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Military anguishes over missing ballots

Posted By Jon Dougherty On 11/14/2000 @ 1:00 am In Front Page | Comments Disabled

As the historic and unprecedented presidential election drama that began
Nov. 7 continues to play itself out in Florida, military personnel and
other Americans living abroad who list Florida as their state of
residence increasingly see their voices as not only relevant, but very
likely the decisive factor in determining the next president.

Many overseas military personnel, however, continue to say they have
been “cheated” out of their vote — due to their absentee ballots either
arriving late or never arriving at all.

WorldNetDaily has received an enormous amount of e-mail from military
families overseas, or their stateside relatives, complaining that the
service personnel did not receive absentee ballots they had requested. A
number of WND’s military readers have specifically reported that their
ballots were sent fourth class “bulk mail” — which in some cases delays
delivery by a month or more — instead of first class.

In fact, one former U.S. Navy officer who served as the postal officer
aboard two warships — and who asked not to be identified for this report
— said, “If military units are missing ballots or absentee voting
supplies, it is because they were mailed bulk mail.”

As the postal officer, he said he could attest to the fact that “the
[military postal] system in place for military mail movement is
excellent and, in many cases, it took longer to move mail from the
military mail hub in New York City to Virginia than it took to move mail
from [warships] in remote areas to the U.S.”

The now-retired officer said overseas military mail traveling in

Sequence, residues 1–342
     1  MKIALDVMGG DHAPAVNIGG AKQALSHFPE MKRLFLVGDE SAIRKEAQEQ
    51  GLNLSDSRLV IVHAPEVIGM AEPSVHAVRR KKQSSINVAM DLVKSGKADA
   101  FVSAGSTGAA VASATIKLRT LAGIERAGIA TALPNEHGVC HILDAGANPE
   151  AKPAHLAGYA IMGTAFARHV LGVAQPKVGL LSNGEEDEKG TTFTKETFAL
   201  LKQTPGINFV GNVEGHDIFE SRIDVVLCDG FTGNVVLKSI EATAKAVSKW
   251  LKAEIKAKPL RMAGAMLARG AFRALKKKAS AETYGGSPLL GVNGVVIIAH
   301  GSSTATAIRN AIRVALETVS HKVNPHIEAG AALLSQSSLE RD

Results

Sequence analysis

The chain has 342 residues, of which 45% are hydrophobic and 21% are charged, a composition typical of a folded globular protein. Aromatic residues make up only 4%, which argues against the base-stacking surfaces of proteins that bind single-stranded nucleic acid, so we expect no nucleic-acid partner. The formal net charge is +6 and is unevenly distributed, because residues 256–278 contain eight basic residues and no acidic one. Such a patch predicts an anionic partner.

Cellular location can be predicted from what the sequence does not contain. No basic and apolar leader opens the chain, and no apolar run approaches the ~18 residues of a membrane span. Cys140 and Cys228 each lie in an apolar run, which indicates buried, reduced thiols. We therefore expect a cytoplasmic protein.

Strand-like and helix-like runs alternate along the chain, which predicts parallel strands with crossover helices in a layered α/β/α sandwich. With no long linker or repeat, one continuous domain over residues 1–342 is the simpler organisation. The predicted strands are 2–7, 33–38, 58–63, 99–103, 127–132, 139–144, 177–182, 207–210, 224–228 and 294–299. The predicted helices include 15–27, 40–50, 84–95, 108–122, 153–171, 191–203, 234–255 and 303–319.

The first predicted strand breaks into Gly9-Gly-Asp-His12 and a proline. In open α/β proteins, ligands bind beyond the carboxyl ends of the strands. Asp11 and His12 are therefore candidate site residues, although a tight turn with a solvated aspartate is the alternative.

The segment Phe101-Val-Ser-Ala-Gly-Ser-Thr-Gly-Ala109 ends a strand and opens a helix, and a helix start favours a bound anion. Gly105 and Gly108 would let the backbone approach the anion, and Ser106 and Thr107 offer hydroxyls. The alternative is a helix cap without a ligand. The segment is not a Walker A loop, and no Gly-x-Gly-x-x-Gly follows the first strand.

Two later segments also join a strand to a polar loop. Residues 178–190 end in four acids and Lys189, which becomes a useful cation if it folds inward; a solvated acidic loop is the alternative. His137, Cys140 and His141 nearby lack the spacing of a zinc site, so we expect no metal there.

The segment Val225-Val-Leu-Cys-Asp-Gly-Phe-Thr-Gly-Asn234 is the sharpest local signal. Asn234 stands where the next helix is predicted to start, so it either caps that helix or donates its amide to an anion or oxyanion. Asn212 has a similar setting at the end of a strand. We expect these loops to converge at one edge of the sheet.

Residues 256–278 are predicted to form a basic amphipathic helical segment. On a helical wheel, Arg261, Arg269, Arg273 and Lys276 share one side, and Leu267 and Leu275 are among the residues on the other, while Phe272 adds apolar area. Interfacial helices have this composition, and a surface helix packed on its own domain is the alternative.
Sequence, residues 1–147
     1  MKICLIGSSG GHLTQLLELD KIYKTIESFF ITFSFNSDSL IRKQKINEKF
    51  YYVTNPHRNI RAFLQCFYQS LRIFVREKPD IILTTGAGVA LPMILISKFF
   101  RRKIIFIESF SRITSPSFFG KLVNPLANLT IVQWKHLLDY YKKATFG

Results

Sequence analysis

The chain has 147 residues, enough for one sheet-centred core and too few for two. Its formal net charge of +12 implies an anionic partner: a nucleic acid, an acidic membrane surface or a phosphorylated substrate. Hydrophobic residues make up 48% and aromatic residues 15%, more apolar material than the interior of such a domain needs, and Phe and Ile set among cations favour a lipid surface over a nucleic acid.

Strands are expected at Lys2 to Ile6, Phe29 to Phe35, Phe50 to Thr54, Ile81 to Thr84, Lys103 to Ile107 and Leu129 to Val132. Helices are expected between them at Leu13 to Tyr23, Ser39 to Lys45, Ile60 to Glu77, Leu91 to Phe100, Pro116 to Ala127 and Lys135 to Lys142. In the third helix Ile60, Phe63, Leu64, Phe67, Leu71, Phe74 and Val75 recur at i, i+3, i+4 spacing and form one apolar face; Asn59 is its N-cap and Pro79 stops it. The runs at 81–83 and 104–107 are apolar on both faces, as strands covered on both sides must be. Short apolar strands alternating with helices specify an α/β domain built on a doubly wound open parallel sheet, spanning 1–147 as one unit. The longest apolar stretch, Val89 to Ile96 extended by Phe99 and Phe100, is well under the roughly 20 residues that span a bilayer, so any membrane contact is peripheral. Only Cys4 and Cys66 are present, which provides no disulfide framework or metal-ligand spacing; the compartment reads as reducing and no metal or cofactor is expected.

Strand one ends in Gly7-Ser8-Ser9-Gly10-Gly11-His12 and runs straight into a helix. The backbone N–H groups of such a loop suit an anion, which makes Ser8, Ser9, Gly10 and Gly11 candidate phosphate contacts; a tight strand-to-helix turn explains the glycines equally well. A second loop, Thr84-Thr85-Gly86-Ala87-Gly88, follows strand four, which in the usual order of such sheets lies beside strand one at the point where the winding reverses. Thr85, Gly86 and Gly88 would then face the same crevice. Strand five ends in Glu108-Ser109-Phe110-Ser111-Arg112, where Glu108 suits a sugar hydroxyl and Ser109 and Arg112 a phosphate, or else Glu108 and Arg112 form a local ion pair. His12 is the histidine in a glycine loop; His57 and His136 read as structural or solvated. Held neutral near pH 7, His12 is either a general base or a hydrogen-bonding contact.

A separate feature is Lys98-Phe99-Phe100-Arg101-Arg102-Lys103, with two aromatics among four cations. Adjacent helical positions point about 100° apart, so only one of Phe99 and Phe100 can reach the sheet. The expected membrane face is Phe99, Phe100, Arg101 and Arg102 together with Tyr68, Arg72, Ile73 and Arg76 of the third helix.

fourth-class bulk is put in containers at fleet post office centers in
New York City and elsewhere that have “to be filled before they are
sealed and shipped. These can be containers that travel … literally [on]
slow boats to the U.S. or overseas destinations,” the officer said.

A reader in Heidelberg, Germany, who is married to a U.S. Army colonel,
had applied for absentee ballots “by the end of September.” Yet by Oct.
24, they still had not arrived, so she called her county clerk in the
U.S. to see if they had been sent out.

According to the reader, she was told the ballots had been sent Oct. 19,
but “by the 28th we still didn’t have [them].”

With time growing short, she then went to the Army post office and asked
if the clerk there knew anything about the couple’s ballots.

“The soldier went to look and came back with them,” the reader told
WorldNetDaily. “She said that she had found them in bulk mail, which is
where the magazines and newspapers are kept. Our magazines and newspaper
are always months late, as the post office is understaffed.”

“Absentee ballot envelopes were clearly marked as such and should not
have been filed in bulk mail,” she said. “They were small enough to fit
into our post office box and should have been placed with our letters
and bills.”

She and her husband filled out the ballots and mailed them the next day,